What to wear on the turbo

What to wear on the turbo

What to wear on the turbo

As conditions outside turn ever more frosty and wet, many of us casual cyclists may have a reluctance to ride. Fear not, by taking your training indoors, even if it’s just short, frequent sessions, you can remain fit before getting back outdoors ready to greet spring in all its glory. Although turbo training can’t replicate a 60-mile hilly epic, systems like Zwift and smart trainers do at least go some way to keeping indoor riding enjoyable. 

You can certainly increase this enjoyment by donning the correct clothing. Sure, while anyone can cycle indoors with just a pair of bib shorts and some cycling shoes, there are certain clothing options that will increase your performance and prevent you from becoming a sweaty mess on the bike. Here is a selection of Specialized items that can help you stay comfortable these next couple of months. 

An extra layer to begin with 

This may seem counter intuitive when you’re on your way to your spare room, garage, shed, basement or wherever else your indoor trainer is set up, but when it’s freezing cold, you should start in a jacket. You will want to start warm to avoid beginning your training with cold, tight muscles, so pull on any outside clothing you deem necessary that you can easily strip off after five minutes. 


Sweat-wicking top 

Once you’ve ditched the top layer, it’s all about wicking away sweat. This means wearing an item of clothing that pulls moisture away from your body and through the fabric so that it can evaporate and keep you cool. Outdoors, this happens naturally, but once you take your riding indoors, you can quickly become too sweaty and overheat. So a combination of a base layer and a stationary fan is your best bet. Believe it or not, wearing one of these base layers is better than wearing nothing at all because it will wick that sweat so it doesn’t clog up your pores. An added benefit to a base layer is that some are so lightweight that you’ll hardly notice you’re wearing it.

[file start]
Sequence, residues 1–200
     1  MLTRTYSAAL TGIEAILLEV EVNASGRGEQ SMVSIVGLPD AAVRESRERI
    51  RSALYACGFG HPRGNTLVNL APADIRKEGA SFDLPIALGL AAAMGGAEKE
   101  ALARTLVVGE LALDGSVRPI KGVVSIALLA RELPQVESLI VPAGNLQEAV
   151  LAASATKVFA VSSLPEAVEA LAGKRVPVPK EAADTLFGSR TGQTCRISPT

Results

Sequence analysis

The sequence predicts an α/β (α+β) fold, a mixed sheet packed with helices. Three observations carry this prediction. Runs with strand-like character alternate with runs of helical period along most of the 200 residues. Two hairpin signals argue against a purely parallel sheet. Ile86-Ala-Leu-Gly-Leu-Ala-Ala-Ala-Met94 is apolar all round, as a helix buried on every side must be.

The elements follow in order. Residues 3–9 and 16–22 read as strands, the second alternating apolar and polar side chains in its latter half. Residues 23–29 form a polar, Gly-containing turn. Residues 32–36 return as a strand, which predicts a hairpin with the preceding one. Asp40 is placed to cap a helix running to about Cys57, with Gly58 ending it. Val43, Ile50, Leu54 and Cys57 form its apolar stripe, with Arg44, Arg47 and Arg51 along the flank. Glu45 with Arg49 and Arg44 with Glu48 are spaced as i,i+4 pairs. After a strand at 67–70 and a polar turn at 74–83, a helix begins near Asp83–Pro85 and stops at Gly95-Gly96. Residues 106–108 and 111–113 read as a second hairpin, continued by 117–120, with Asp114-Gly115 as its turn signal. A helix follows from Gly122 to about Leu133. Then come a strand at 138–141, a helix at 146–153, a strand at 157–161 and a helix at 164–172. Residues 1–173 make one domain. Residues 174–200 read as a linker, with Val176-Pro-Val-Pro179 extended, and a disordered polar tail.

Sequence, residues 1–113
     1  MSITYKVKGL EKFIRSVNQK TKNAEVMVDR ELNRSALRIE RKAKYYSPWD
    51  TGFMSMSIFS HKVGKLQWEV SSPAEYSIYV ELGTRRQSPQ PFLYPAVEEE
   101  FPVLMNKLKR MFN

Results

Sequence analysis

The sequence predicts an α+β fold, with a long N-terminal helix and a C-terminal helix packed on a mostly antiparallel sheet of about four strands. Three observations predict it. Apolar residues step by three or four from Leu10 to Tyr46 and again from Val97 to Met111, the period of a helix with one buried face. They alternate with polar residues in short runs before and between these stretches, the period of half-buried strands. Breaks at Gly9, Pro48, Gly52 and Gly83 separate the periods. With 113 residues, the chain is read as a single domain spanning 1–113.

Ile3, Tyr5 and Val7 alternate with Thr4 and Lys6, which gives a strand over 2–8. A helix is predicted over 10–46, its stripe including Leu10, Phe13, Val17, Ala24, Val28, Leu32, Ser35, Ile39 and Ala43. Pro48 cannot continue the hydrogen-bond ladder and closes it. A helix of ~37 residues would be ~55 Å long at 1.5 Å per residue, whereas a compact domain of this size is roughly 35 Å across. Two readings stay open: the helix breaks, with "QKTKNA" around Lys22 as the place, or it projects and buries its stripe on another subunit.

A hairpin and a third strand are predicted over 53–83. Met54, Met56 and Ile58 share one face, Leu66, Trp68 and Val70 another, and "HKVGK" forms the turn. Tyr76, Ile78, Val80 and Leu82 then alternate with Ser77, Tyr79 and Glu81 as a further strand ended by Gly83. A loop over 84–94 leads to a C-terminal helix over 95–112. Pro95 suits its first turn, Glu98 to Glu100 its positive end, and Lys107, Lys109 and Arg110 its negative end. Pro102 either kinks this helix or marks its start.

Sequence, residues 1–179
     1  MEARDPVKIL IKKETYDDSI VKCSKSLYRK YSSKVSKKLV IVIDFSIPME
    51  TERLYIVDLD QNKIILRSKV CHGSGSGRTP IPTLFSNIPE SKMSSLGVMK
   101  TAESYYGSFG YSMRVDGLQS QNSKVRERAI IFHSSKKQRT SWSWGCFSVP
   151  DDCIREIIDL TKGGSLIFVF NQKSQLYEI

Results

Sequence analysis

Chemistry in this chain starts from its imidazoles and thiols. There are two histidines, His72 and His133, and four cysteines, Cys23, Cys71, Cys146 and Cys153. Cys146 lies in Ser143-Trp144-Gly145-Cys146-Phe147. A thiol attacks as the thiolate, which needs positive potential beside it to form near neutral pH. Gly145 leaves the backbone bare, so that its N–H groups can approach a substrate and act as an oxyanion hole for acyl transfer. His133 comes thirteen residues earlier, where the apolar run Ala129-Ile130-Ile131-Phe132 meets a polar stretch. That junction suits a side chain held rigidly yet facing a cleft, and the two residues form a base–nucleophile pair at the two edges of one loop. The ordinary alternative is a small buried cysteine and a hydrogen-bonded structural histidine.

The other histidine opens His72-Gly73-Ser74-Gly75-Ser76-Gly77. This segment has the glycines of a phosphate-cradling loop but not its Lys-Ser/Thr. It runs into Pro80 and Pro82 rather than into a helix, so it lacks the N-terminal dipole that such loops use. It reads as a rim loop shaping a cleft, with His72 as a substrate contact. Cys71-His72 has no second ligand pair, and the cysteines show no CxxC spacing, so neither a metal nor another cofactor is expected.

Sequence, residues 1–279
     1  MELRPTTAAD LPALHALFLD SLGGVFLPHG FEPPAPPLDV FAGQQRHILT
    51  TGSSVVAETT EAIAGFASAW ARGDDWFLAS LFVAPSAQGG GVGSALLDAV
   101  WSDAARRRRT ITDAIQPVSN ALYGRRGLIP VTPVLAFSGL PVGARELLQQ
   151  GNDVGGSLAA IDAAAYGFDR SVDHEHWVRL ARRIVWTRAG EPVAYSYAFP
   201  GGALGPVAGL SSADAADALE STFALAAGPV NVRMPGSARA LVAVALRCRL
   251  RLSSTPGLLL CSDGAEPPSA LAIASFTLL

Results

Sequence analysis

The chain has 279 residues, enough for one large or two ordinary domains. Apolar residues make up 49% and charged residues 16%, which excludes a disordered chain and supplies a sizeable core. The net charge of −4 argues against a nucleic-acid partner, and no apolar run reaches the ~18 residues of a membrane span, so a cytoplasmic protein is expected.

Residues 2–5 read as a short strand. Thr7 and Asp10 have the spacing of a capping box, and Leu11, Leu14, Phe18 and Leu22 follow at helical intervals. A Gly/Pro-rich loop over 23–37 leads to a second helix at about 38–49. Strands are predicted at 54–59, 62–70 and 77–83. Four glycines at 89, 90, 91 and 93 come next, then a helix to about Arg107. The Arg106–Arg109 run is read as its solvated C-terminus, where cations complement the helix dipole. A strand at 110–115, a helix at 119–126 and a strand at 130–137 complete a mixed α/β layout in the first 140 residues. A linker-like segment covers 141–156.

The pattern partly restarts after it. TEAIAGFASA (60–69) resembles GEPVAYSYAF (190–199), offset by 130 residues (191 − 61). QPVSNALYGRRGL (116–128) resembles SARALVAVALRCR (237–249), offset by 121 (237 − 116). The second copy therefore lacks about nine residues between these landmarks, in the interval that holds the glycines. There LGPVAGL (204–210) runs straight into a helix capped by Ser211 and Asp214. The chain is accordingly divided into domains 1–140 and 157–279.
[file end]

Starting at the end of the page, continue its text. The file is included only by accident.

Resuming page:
Alternatively, if you want a jersey that you can wear indoors as well as on the road in hot summer conditions, opting for a super-lightweight mesh jersey will have a similar effect to a sweat-wicking base layer.


Although it may be tempting to reach for a tatty old pair of shorts for use on the turbo, this can quickly create all sorts of bother. Indoors, you are in the saddle far more than you otherwise would be, so it’s really important to wear quality shorts. Allowing your chamois area to get hot and damp and then applying the pressure of the saddle is just asking for saddle sores. Shorts that wick sweat and offer ample padding is what you’re looking for. Body Geometry chamois are found in many Specialized shorts and offer a full spectrum of support so that areas do not get worn down and create an environment for discomfort.  


One of the great appeals of indoor training during the winter months is that you don’t have to layer up or even wear a helmet. We would advise sticking a cap on though. Working in much the same way as the shorts and base layer, these will absorb the moisture from your scalp, stop your head from overheating and keep your hair tucked away during the workout. You will look cool too.

Things to remember 

Even though your bike is stationary and not being battered by the winter road grime, it is still important to keep your bike lubricated and clean. Hot, sticky conditions and salty sweat can still corrode your bike’s frame and components, so although you won’t be going anywhere in the traditional sense, it’s still key to keep an eye on your bike. 

Making indoor training comfortable with these kit items will greatly increase the attractiveness of your pain cave, and level up the effectiveness of your training in the process. To find out more about the kit mentioned in this article, come down to one of our stores, and try it out for yourself. Speak to one of our friendly staff members and get started on your indoor cycling journey.

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